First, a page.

The 1960s saw the start of the oil exploration in the North Sea which would dramatically change the economy of the north of Scotland, and would play a big part in the success of the company. However, this decade was mostly spent consolidating the company's experience on maritime civil engineering and supporting the fishing and marine infrastructure in Scotland.
During the 1960s Arch Henderson had two offices, one in Aberdeen which was managed by Ian Henderson, the son of the late founding Partner, Archibald Henderson, and another office in Inverness which was managed by Malcolm Morrison.
One of the major projects of the decade was the deepening of Macduff Harbour along with associated repairs, a new quay and a new fish market. The harbour was closed and drained on 1 March 1965 to allow the works to take place and the harbour was reopened by December that year. The new depth of 10 feet below MLWS allowed for the increasingly larger fishing vessels to berth in the harbour to make use of the new market facilities.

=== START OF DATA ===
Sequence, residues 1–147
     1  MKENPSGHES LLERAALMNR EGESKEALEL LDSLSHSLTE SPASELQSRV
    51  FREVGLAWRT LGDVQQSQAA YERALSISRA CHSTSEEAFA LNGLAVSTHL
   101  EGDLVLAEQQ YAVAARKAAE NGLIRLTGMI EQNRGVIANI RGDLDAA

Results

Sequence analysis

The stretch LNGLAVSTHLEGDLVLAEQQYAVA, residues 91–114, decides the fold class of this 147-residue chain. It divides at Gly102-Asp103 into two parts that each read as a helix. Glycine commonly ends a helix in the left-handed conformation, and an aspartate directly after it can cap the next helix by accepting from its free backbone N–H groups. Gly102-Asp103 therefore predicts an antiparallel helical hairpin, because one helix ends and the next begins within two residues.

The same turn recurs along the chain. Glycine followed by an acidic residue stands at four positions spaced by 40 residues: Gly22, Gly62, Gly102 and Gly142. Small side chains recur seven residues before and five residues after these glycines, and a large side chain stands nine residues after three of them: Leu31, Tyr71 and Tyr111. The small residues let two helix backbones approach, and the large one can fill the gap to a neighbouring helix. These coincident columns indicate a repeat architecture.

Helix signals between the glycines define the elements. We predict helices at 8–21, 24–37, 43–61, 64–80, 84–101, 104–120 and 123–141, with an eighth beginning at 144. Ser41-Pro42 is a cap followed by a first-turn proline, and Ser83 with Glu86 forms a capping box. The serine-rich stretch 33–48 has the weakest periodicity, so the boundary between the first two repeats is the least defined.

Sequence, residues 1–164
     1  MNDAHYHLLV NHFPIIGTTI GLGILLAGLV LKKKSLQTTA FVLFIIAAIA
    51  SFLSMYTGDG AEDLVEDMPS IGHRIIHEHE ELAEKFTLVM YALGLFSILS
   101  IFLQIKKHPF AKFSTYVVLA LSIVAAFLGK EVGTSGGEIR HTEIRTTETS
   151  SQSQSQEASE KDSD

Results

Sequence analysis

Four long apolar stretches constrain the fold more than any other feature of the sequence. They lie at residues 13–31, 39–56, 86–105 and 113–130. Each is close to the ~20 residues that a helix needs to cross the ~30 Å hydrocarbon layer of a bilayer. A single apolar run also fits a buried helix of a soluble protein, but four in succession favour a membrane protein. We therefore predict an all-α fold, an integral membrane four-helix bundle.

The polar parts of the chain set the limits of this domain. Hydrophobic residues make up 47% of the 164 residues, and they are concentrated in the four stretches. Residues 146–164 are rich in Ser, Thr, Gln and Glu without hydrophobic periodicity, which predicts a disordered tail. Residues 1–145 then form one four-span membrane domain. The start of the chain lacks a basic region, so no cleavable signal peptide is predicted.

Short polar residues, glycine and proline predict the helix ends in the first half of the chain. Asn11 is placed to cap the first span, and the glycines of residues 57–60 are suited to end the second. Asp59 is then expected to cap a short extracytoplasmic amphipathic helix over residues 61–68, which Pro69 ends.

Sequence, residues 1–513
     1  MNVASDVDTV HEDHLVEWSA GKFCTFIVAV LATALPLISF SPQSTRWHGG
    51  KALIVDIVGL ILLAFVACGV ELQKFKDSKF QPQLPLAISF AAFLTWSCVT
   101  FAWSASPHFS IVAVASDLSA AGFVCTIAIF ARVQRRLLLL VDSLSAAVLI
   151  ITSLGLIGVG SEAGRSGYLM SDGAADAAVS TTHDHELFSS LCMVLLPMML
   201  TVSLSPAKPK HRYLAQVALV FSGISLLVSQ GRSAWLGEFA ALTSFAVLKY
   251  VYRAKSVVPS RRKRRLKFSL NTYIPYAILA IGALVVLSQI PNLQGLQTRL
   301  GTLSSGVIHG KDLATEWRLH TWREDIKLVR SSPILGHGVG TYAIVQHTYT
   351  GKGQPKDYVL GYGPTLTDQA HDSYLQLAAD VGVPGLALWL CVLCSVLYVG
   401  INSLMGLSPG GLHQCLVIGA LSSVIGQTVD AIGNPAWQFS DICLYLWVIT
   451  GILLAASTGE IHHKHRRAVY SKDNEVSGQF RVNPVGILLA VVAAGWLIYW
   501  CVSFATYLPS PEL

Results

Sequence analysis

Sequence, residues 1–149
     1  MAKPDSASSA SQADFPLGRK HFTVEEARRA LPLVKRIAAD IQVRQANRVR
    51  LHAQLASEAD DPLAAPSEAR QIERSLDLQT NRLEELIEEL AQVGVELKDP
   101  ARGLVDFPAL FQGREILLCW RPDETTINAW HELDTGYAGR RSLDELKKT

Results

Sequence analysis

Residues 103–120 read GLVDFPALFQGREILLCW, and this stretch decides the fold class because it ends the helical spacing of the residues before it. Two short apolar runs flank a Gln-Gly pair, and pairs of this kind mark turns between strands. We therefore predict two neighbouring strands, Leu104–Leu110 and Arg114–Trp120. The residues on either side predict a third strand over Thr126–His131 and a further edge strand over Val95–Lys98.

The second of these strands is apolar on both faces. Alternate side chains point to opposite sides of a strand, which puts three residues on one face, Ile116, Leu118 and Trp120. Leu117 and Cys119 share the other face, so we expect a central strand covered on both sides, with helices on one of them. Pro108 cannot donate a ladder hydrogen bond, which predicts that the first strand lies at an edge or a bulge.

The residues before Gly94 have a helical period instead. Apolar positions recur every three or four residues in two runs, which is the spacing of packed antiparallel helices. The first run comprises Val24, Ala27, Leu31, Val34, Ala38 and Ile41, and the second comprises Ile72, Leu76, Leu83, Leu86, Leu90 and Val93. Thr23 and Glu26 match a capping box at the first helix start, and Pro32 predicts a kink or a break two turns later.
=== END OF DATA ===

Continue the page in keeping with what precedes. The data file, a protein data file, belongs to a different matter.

The fishing industry in Shetland also had a welcome boost to its infrastructure with a new pier and a small fish market designed and built in Scalloway. The small island of Whalsay, which is still dominated by the fishing industry, benefitted from a new pier and breakwater in Symbister harbour. The pier also provided a safe berthing space for the inter-isle ferry which had previously had to anchor off shore, with passengers and freight being transferred into small flit boats to reach the ferry, which was not usually a comfortable experience. Arch Henderson also designed a jetty and an oil storage facility in Lerwick which is still used today for the import of heating oil, aviation fuel, petrol and diesel.
A new slipway was designed for the shipbuilding company A Noble & Sons for its facility in Girvan, and a new slipway was created in Peterhead. In Aberdeen the company worked for BP on the Point Law facility.
The Inverness office diversified the range of civil and structural engineering projects, with a variety of small works in the Highlands for private estates, in the form of bridges, sewers, sea walls, and some housing developments. A new ferry berth was also created for Stornoway Harbour.